Is there an established method or tool available to perform pen testing on an application by only testing queries it sends to the database?

For example, if I have a bunch of SQL Servers hosting various websites and a query came through that wasn't parameterised, is there a way I can detect these?

Example query that probably isn't secure:

SELECT x,y,z FROM logins WHERE username = 'xx' and password = 'yyy'

...instead I would expect a secure application to be probably be using sp_executesql.

1 Answer 1


Parameters are passed as an RPC (remote procedure call) to SQL Server over the TDS protocol. Consequently, a parameterized query will show as RPC starting/completed events in a trace (SQL Trace or Extended Events). Depending on the API and application methods used, parameterized queries might call API system procedures (e.g. sp_prepare) instead of sp_executesql or may call user stored procedures directly.

Ad-hoc queries are passed as a batch one or more SQL statements. These will show as a batch starting/completed events in a trace. Ad-hoc queries can be a SQL injection risk when:

  1. the query is not static or
  2. it built in the application code with string concatenation from untrusted sources.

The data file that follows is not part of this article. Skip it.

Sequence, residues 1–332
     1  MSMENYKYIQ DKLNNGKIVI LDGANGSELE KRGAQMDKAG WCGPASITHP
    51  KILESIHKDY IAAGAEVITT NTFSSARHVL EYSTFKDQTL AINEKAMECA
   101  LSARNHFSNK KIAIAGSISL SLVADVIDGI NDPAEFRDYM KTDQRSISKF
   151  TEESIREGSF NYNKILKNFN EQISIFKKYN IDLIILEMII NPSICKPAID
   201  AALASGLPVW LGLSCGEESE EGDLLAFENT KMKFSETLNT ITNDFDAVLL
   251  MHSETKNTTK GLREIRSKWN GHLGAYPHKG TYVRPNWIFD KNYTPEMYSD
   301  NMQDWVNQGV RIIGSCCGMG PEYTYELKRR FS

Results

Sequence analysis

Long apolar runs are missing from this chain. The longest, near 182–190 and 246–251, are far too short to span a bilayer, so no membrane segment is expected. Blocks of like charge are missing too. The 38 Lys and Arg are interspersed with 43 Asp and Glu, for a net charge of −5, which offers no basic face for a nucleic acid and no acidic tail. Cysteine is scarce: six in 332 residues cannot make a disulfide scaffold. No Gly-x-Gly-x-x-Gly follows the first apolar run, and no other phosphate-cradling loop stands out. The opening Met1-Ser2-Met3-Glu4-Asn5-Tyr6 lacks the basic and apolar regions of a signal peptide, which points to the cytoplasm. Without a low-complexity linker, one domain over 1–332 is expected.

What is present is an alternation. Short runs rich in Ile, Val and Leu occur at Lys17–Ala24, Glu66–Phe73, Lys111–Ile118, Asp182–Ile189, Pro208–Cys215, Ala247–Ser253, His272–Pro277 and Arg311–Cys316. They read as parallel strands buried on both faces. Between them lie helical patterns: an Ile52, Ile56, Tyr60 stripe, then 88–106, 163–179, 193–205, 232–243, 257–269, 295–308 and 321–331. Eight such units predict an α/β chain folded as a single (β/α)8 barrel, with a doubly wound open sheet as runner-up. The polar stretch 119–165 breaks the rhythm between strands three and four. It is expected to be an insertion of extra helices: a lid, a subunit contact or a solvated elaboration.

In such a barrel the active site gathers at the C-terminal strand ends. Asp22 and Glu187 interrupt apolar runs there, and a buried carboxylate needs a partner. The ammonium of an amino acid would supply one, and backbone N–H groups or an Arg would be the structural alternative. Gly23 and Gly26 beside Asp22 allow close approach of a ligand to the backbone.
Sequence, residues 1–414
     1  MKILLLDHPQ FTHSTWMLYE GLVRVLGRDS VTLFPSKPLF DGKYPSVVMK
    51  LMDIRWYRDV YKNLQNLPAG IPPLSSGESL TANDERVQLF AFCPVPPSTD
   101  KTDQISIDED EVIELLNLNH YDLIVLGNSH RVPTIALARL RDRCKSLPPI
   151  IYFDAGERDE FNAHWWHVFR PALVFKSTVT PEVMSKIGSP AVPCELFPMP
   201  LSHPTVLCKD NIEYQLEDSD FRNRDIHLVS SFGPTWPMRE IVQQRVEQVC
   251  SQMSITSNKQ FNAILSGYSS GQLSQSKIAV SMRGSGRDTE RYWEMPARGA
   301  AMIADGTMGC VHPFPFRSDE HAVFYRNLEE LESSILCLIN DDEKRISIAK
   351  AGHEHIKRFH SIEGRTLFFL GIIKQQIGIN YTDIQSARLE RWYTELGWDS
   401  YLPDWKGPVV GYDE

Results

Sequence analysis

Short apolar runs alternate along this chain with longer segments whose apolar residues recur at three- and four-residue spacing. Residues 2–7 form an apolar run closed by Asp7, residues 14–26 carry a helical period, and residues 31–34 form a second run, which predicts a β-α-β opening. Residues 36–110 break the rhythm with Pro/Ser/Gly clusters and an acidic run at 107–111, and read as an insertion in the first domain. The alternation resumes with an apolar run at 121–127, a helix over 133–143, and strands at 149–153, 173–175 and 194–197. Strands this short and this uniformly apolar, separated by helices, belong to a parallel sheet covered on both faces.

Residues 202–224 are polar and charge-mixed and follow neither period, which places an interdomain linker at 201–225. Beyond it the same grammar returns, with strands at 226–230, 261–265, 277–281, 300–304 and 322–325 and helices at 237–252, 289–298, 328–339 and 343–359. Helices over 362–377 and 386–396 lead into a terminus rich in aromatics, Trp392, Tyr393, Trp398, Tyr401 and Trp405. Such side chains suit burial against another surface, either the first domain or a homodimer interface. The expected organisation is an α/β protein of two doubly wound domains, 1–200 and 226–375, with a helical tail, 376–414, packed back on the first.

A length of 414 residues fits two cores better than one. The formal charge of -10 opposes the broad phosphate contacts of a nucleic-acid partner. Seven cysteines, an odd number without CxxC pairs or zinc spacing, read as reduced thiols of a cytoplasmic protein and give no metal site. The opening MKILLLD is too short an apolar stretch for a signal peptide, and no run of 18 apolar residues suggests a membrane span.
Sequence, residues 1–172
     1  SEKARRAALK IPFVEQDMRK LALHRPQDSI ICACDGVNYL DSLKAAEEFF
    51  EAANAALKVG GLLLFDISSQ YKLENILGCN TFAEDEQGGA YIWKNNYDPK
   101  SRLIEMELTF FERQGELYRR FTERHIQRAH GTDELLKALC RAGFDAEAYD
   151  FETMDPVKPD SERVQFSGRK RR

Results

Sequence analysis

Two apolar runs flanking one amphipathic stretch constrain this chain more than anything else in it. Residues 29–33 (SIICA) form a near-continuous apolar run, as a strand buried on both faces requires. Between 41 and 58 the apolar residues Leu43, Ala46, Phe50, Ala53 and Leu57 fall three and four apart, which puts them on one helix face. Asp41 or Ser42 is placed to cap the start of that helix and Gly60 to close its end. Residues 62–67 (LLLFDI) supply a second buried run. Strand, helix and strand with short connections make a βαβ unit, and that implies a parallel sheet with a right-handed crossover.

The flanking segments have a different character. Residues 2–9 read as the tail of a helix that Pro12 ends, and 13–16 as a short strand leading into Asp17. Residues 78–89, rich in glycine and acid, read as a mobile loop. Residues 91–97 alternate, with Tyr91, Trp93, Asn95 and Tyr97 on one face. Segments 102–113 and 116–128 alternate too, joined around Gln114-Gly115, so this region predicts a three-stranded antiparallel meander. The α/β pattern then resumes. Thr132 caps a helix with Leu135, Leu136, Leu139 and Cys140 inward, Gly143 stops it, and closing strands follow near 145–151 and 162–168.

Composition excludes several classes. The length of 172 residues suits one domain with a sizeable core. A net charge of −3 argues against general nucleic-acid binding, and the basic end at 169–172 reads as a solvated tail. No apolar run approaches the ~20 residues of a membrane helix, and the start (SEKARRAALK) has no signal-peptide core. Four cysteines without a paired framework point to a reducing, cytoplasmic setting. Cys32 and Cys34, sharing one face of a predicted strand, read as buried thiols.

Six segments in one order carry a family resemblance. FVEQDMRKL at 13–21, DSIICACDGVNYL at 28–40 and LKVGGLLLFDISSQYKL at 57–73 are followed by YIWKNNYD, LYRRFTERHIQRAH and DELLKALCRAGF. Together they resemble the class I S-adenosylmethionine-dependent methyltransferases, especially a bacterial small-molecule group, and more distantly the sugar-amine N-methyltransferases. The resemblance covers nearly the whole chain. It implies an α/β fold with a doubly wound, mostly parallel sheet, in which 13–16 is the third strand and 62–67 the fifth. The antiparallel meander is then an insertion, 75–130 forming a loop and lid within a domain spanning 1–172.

Static queries might contain literals too so one would need to guess at the context and examine the app code to determine if the query is a vulnerability.

Be aware that even parameterized queries can pose an injection risk if built dynamically with a mix of parameters and literals, or by concatenation from untrusted sources. I can't think of a way to identify such practices without examining the app code or finding the vulnerability in penn testing.

  • +1. DBMS are built in a way they must accept a query, with or without parameters. Happens a query is just a String. The only way to be really sure apps are not sending injection attacks (if apps are black boxes to you) is by granting only access to call the SP yourself made and block ah-doc queries totally to the app users.
    – jean
    Jan 13, 2020 at 14:18

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